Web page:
This was not a conscious decision. I abandoned my iPod because my iPod abandoned me first.
How the Split Occurred
My iPod died. Well, it didn’t die, but the On/Off button stopped working. The iPod remained on but without having the button to activate the screen, I couldn’t control what played. I had an endless loop without the ability to change books. Reading a book twice is okay, but forever is a bit too much.
I refused to purchase another iPod. I’ve heard too many stories of folks with broken iPods. I still have my 10-year old iRiver MP3 player and it works just fine (unfortunately, it’s hard drive is too small). My iPod Nano on the other hand died after a couple years of use. Not a good track record in my opinion.
Using My Android Mobile Device as an iPod
As I’ve mentioned several times on this blog, I’m new to mobile technology. To the rest of the world putting books/music on a phone is very simple. For me, it’s a major undertaking. This post is written for the one other person in the world who is as mobile device illiterate as I am and wishes to listen to audio books/music on an Android mobile device.
I have a library of audio books and music that I’d love to transfer to my device. Since the iPod died now is as good a time as any to figure out how to convert CDs so I can listen to them on my phone. The process of converting the CDs and placing them on the phone isn’t very tough. The tricky part is locating the newly converted files on the Smartphone in order to play it.
Converting CDs into Android Compatible Files
You’ll need a computer or laptop for the first few steps. In addition to the computer you also need to have Windows Media Player installed on your computer. I believe most Windows operating systems have Media Player already installed.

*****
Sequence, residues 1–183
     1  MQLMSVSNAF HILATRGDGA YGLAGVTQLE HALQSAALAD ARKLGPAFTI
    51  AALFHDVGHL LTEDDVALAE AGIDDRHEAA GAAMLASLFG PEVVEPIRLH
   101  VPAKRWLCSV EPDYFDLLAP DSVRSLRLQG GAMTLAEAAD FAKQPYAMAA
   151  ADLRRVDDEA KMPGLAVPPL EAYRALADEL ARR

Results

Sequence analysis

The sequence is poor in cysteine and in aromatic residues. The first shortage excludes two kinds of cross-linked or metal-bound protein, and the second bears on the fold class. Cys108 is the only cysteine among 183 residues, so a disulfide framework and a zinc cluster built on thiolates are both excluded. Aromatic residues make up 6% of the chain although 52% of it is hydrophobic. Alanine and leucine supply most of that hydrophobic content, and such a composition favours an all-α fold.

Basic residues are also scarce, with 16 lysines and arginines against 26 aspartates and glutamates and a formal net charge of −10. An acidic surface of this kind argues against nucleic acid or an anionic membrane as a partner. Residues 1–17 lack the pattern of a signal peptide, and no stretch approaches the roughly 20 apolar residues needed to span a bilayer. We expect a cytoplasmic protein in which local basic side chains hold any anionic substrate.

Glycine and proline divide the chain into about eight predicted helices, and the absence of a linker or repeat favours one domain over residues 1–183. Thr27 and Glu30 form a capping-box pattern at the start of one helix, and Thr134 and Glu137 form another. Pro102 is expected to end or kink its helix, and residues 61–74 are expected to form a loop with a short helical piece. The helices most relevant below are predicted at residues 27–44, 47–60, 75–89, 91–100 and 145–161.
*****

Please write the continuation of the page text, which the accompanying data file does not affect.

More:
Open Windows Media Player and insert the CD
One other thing you should check before ripping the CD is the location of the ripped files. There’s nothing more frustrating than ripping music only to lose them somewhere on the computer’s hard drive.
To find the destination location, select More options… under the Rip settings menu option.
Doing so will invoke the Options screen:
As you can see, my files are going to the BOOKS-MUSIC folder. This step isn’t absolutely necessary because the files are automatically ripped to the “Library,” but I’ve lost files on my hard drive before so now I make sure to know where everything is going. Next, click Rip CD to begin the ripping process:
And the ripping process begins…
Now that your files are ripped, navigate to the file folder to make sure they’re actually there. Once satisfied all the files are there, remove the CD and close Windows Media Player.
Transferring Files to Your Android Mobile Device
Here’s where the fun begins. Get your mobile device and it’s associated USB cord. Connect your device to the computer and wait for the computer to recognize/find the mobile device. Once the computer finds it, navigate to the mobile device and select or create a folder for your music/books.
Drag and drop the ripped files from your Library over to the desired folder on the mobile device. After the files are transferred, unplug the device from your computer.
Mobile devices don’t always come equipped with “Windows Explorer” type software to allow you to view files. That being the case, you’ll have to download an app for viewing files. In my case I downloaded the free app ES File Explorer (Instructions from here on in are written based on using ES Explorer). .
On the second set of menu options tap Play. Doing so will begin playing all of the songs within the folder.
You can play a continuous loop, shuffle, Fast Forward, Rewind or Pause the audio file.
If you want to play an individual song over and over again, instead of long tapping on the file folder, open the folder to access the individual songs.
Select the song to play and it will continue to play over and over again.
Once you’ve gone through the CD to Android conversion process once, it’s easier the second time around. If I can do it, anyone can!